Whats Motion to Compel Arbitration?

A motion to compel arbitration is a request made to a court to enforce an arbitration agreement and require the parties to resolve their dispute through arbitration instead of litigation. Arbitration is a method of alternative dispute resolution where a neutral third party (an arbitrator) reviews the facts and arguments presented by each side and makes a binding decision to resolve the conflict.

Filing a motion to compel arbitration is a common legal procedure used when one party to a contract tries to avoid the arbitration clause and brings a lawsuit instead. The party seeking to enforce arbitration can ask the court to issue an order compelling the other side to submit to the arbitration process laid out in their agreement.

When is a Motion to Compel Arbitration Used?

There are several scenarios where one party may file a motion to compel the other party to participate in arbitration:

  • If a lawsuit is filed relating to a matter that the parties agreed to arbitrate. The defendant can file a motion requesting the court to dismiss the lawsuit and require arbitration per the agreement.
  • If one party refuses to voluntarily submit to arbitration after there is a dispute. The other party can file a motion asking the court to compel participation in arbitration.
  • If there is disagreement over the scope of the arbitration clause and whether a certain claim falls under it. One side can file a motion to clarify that the claim must be arbitrated.
  • If one party fails to appoint an arbitrator or participate in forming the arbitration panel. A motion can compel cooperation in the arbitration process.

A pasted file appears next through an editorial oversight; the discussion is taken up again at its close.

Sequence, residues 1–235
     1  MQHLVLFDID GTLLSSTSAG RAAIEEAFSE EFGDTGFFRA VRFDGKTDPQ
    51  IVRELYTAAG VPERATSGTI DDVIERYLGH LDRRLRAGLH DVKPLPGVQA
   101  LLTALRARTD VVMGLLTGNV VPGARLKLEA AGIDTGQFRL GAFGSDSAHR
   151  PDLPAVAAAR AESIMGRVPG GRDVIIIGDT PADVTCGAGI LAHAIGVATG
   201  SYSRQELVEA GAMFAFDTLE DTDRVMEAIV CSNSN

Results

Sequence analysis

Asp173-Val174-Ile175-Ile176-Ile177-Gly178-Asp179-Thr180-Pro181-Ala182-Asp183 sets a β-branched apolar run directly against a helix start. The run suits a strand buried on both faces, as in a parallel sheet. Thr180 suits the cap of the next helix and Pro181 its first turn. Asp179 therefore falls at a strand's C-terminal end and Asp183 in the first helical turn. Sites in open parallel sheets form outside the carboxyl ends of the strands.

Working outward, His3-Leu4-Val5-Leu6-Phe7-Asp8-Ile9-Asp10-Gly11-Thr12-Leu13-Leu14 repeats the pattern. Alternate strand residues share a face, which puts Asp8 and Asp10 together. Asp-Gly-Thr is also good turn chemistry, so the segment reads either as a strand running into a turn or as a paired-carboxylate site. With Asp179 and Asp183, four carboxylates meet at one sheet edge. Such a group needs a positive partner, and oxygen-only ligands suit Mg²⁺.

• If one party argues the arbitration agreement is invalid or unenforceable altogether. A motion to compel may be needed to request the court uphold the validity of the agreement.

The key purpose of the motion is to enforce the contractual rights of a party seeking arbitration when the other side does not voluntarily adhere to the arbitration clause. It allows the court to require participation in arbitration if the agreement is deemed enforceable.

What Makes Arbitration Agreements Enforceable?

For a motion to compel arbitration to be successful, the underlying arbitration agreement must be valid and enforceable under state contract law. The party requesting arbitration bears the burden of proving the arbitration clause is legally binding.

In general, arbitration clauses are enforceable if they meet the following requirements:

  • Existence of agreement: There must be a valid contract between the parties that contains an arbitration provision. The contract as a whole must meet normal requirements for legal enforceability.
  • Adequate notice: The contract must provide reasonable notice that claims will be settled through arbitration rather than court litigation. This is satisfied if the arbitration clause is clearly labeled and not hidden.
  • Mutual assent: Both parties must indicate their agreement to the terms of the contract through a signature, electronic click, or another form of assent. Silence or inaction is generally insufficient.
  • Adequate consideration: For the contract as a whole to be valid, it must be supported by mutual consideration – a benefit or exchange of promises having legal value. Arbitration clauses within larger contracts are typically enforceable.
  • Scope of arbitration clause: The claims in dispute must reasonably fall within the scope of the arbitration provision. The clause cannot seek to arbitrarily limit statutory rights.
  • No fraud, duress, or unconscionability: There must be no defects in contract formation such as one party compelling another to agree under duress or unfair tactics.

If these standards are met, courts will typically enforce the arbitration agreement and require parties to resolve covered disputes through arbitration.

What Must Be Included in a Motion to Compel Arbitration?

A motion to compel arbitration brings the arbitration issue before the court and provides support for why arbitration should be ordered. The motion should include:

Identification of the Parties

  • Clearly identify the names of the parties to the lawsuit and their relationship to the arbitration agreement. Explain which party is making the motion requesting arbitration.